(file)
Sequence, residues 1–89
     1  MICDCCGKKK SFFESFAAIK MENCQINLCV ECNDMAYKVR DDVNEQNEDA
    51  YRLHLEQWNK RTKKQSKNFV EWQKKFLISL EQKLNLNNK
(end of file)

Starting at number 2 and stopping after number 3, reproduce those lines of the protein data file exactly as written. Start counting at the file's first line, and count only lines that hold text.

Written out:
     1  MICDCCGKKK SFFESFAAIK MENCQINLCV ECNDMAYKVR DDVNEQNEDA
    51  YRLHLEQWNK RTKKQSKNFV EWQKKFLISL EQKLNLNNK